04 September 2015

ECRE has released an urgent call to the EU and its Member States for greater solidarity in light of the deepening refugee crisis in Greece, accompanied by an op-ed by ECRE Secretary-General, Michael Diedring, reinforcing his call for responsibility and solidarity following his visit to Greece.

The current exceptional situation in Greece has seen a dramatic increase in the number of refugees arriving over the summer – an increase that is overwhelming the collective response efforts on islands such as Lesvos, according to organisations such as the International Rescue Committee. ECRE thus calls for an immediate and substantial increase in emergency support to those assisting newly arriving refugees, with additional funding needed for NGOs in Greece to help them provide accommodation, nutrition, healthcare, accurate information and access to legal assistance.

Equally, while the engagement of civil society has been laudable, and much needed, this cannot replace the Greek government’s obligation to provide adequate reception conditions. To this end, ECRE appeals to the Greek government to take responsibility for the situation and for European solidarity in support of these efforts.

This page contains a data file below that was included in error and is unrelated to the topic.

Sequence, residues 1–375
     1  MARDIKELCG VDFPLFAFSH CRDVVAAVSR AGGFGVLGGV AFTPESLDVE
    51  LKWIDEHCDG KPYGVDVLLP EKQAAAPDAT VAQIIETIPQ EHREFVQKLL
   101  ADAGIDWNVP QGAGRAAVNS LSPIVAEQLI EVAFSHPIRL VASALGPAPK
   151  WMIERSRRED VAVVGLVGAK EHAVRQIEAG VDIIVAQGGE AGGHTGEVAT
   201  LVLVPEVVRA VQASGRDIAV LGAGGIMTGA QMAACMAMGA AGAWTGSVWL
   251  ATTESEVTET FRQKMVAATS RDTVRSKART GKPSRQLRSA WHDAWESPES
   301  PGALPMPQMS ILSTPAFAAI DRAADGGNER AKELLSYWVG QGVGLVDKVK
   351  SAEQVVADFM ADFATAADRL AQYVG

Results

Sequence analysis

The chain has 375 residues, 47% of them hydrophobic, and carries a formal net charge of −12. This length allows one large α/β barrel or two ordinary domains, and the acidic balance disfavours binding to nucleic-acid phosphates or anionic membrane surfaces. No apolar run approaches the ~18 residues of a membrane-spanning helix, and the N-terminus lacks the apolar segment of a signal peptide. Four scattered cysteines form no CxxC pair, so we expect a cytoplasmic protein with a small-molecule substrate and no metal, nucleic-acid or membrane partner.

An initial step the EU can take in support of Greece would be increasing the relocation effort for Greece to at least 70,000 persons within a year. The EU’s recently reached agreement to relocate 32,256 persons from Italy and Greece is clearly insufficient following the increase of people arriving on Greek shores this summer. A significantly more relocation effort will be needed in a much shorter time for such solidarity measures to have any meaningful impact on the resilience of the Greek asylum system and the onward movement of refugees to other EU Member States. Immediate action is required.

Longer term, ECRE calls for the greater use of family reunification provisions under EU law, and for the European Union to open more safe and legal channels for refugees to come to Europe so that they are not forced to risk their lives, or use unscrupulous smugglers. Safe and legal channels will allow Europe to organise the reception of people in a planned, humane, and dignified manner.

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